The death of a man found naked on a Cornish beach with a sock and headphones in his mouth remains a mystery, after a coroner reached an open verdict.
Retired electrician Alan Eric Jeal, 64, was discovered at high tide on Perranporth beach in Cornwall at about 2pm on February 25 in 2014.
Mr Jeal, who was wearing only socks and one walking shoe, had suffered multiple injuries including a fractured spine before drowning.
Coroner Dr Emma Carlyon reached an open conclusion following a one-day inquest into Mr Jeal’s death in Truro on Wednesday.
She said: ‘I find it is not possible to a criminal standard, or on the balance of probability, to exclude an intentional death, accidental death or the involvement of another.’
The inquest was told that neighbours of Mr Jeal, who lived alone in Wadebridge, heard raised voices in his flat on the day before his death.
They heard a male person shouting, potentially on the phone, for several minutes at 12.50pm before the front door slammed.
CCTV cameras showed Mr Jeal walking to catch the bus from Wadebridge to Truro at 5pm.
He took buses from there to Newquay and then Perranporth, where he arrived at 10.25pm.
The last known sighting of Mr Jeal is believed to be by a CCTV camera in Perranporth at 10.30pm on February 24.
A dog walker discovered Mr Jeal’s body, wearing only socks and one walking shoe, on the beach at about 2pm the following day.
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There was a white sock, along with headphones, in his mouth, while Mr Jeal’s rucksack was later found nearby.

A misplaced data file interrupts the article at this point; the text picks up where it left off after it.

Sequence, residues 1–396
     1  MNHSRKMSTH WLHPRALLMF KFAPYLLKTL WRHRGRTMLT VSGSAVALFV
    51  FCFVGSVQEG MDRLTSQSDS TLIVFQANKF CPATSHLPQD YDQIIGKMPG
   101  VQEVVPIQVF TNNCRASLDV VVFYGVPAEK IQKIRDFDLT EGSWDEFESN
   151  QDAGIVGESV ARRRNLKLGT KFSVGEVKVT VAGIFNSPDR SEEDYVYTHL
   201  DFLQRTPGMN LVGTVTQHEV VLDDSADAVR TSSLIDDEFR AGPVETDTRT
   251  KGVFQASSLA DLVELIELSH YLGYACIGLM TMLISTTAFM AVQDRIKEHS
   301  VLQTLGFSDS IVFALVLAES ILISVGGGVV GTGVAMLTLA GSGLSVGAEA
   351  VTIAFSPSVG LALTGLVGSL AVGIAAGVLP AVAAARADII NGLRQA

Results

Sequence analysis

His dark blue jacket, with a wallet containing £95 and a 1950s photograph of Mr Jeal as a child, was also discovered.
His shoe was located in a cave.
Dr Amanda Jeffrey, a Home Office pathologist, said Mr Jeal’s blood alcohol level was twice the legal drink drive limit. He had not taken drugs.
There were no injuries to his mouth that would suggest the sock had been forced inside, she told the inquest.
Mr Jeal suffered injuries to his head and chest when he was alive and there was also evidence of drowning.
These injuries could have been caused by Mr Jeal falling then entering water.
She said the earphones may have been pulled inside Mr Jeal’s mouth if the sock was inserted in a ‘hurried manner’.
The sock could have been placed in Mr Jeal’s mouth as an act of autoerotic asphyxiation.
There was no accidental explanation for it, she added.
A similar pair of socks was found at Mr Jeal’s home, the inquest heard.
Dr Jeffrey gave Mr Jeal’s cause of death as drowning with a background of head and chest injuries.
The death featured on BBC Crimewatch in 2014 but there were only three calls to police following that appeal.
A number of items including Mr Jeal’s mobile phone, iPod shuffle and bank cards have never been found.
He had ordered a weight belt and ankle weights online, which were delivered to his home, but these have also not been recovered.
Mr Jeal left no note at his flat and there were no forensic links to any third party, Mr Hambly said.
He told the inquest: ‘I personally remain open minded as to the circumstances of Alan’s death but I’m confident that all practical inquiries have been conducted.’
Speaking after the hearing, Mr Jeal’s brother Derek said the family will ‘need to get to the bottom of what happened’.